Borderlines of Madness in 19th century fiction
Time: 10:30 - 12:30
This course will be delivered online. See the ‘What is the course about?’ section in course details for more information.
Course Code: HLT227
Duration: 2 sessions (over 2 weeks)
What is the course about?
To explore representations of extreme mental states in 19th-century fiction. All diagnoses were hotly contested, and among the psychological phenomena we will examine are ‘hysteria’, paranoia, alcoholism, ‘moral insanity’ (ie psychopathy), learning difficulties and post-natal depression. We will also examine the phenomenon of the Victorian asylum. Each of the authors had a huge insight into such states, and constructed impressive and thoughtful works of art to explore these often distressing conditions and the impacts of those around those who suffered them.
This is a live online course. You will need:
- Internet connection. The classes work best with Chrome.
- A computer with microphone and camera is best (e.g. a PC/laptop/iMac/MacBook), or a tablet/iPad/smart phone/iPhone if you don't have a computer.
We will contact you with joining instructions before your course starts.
What will we cover?
The Fall of the House of Usher (1839). Poe’s short story contains a range of psychological phenomena. They include: morbidity, neurosis/hysteria, heredity, possibly also venereal disease.
Jane Eyre by Charlotte Bronte (1847). We will concentrate on: ‘moral insanity’, alcoholism, serious delusional disorder/‘schizophrenia’, the menstrual cycle, home-incarcerated ‘lunatics’.
The phenomenon of the Victorian asylum
The Woman in White by Wilkie Collins (1860). Wrongful or malicious asylum certification.
The Yellow Wallpaper by Charlotte Perkins Gilman (1892). Gilman’s short story/novella covers: post-natal psychosis, the medicalisation of femininity, the late 19th-century diagnosis ‘neurasthenia’.
Bartleby The Scrivener by Herman Melville (1853): ‘monomania’, autism, work-related anxiety, the ‘crisis’ of masculinity.
The Diary of A Madman by Nikolai Gogol (1834); paranoia, delusions of grandeur.
Harriet by Elizabeth Jenkins (1934). The plight of the learning disabled, legal measures to protect those deemed incapable of caring for themselves, the passing of the 1913 Mental Deficiency Act.
What will I achieve?
By the end of this course you should be able to...
-Define key diagnoses made by 19th-century psychiatrists.
-Identify the opposition that was expressed to each of these theories.
-Explore the attitude and approach to the subject of mental illness shown by a number of giants of 19th-century fiction, and the narrative strategies they used to present their views.
-Identify the stylistic innovation and shifts in literary genre that each of these works display.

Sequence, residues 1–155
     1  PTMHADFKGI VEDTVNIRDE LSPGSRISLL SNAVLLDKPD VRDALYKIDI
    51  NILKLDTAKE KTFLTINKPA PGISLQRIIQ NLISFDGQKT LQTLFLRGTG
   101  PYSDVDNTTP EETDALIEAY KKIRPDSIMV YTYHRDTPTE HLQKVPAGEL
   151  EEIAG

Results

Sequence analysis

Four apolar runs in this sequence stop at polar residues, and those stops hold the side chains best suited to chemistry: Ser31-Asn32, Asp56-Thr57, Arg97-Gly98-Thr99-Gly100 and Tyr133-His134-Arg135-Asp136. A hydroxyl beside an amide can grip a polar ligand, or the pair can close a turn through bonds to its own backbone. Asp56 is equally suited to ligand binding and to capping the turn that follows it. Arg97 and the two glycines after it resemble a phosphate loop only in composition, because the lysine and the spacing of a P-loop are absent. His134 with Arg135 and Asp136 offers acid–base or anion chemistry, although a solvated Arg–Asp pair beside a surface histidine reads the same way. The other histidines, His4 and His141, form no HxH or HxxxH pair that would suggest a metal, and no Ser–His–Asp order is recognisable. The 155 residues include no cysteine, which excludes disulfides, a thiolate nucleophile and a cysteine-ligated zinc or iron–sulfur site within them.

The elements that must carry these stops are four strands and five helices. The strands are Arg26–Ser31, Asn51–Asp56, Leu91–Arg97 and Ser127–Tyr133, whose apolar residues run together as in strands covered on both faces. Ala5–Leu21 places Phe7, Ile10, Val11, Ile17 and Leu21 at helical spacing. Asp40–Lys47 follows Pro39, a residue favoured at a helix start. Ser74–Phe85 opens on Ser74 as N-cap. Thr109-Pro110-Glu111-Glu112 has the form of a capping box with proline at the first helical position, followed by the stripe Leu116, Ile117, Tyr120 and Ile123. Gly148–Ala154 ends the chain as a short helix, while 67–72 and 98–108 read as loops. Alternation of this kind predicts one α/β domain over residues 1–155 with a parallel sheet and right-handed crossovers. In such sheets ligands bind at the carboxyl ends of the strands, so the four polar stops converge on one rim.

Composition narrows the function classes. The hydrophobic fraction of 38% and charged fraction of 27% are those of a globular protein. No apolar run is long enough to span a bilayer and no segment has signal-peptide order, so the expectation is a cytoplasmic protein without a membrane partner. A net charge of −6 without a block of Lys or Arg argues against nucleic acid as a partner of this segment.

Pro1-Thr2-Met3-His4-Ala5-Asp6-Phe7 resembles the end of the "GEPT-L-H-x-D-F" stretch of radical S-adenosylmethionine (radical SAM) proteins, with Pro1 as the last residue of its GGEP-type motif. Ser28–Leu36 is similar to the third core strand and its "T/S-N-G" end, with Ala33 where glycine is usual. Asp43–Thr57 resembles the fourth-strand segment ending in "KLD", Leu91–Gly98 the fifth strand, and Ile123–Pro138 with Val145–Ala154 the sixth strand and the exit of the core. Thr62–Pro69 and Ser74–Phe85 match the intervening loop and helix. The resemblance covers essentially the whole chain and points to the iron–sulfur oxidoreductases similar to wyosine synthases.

-Pursue further reading on these subjects, with a detailed bibliography/secondary reading list handout.
What level is the course and do I need any particular skills?
No previous skills or knowledge required except curiosity and an capacity for reading texts that are occasionally distressing; sharing your insights with the group is desirable.
How will I be taught, and will there be any work outside the class?
Advance reading ahead of the study day is optional. Teaching will be delivered via mini-lecture and seminar.
Are there any other costs? Is there anything I need to bring?
Most of the works can be purchased relatively inexpensively or borrowed from a library. Most are available to download for free since they are out of copyright.
When I've finished, what course can I do next?
Look for other literature courses on our website at www.citylit.ac.uk/history, culture and writing/literature/fiction.
Sarah Wise is an award-winning writer and historian, with an MA in Victorian Studies from Birkbeck, University of London. She teaches social history and literature at the University of California’s London Outreach Center. Her interests are urban history, working-class history, medical history and nineteenth-century literature and reportage. Her most recent book, Inconvenient People: Lunacy, Liberty and the Mad-Doctors in Victorian England, was shortlisted for the Wellcome Book Prize. Her 2004 debut, The Italian Boy: Murder and Grave Robbery in 1830s London, was shortlisted for the 2005 Samuel Johnson Prize for Non-Fiction and won the Crime Writers’ Association Golden Dagger. Her follow-up The Blackest Streets: The Life and Death of a Victorian Slum (2008) was shortlisted for the Royal Society of Literature's Ondaatje Prize. Last year she was a contributor to the volume Charles Booth's London Poverty Maps, published by Thames & Hudson/London School of Economics. For reviews www.sarahwise.co.uk/reviews.html
Please note: We reserve the right to change our tutors from those advertised. This happens rarely, but if it does, we are unable to refund fees due to this. Our tutors may have different teaching styles; however we guarantee a consistent quality of teaching in all our courses.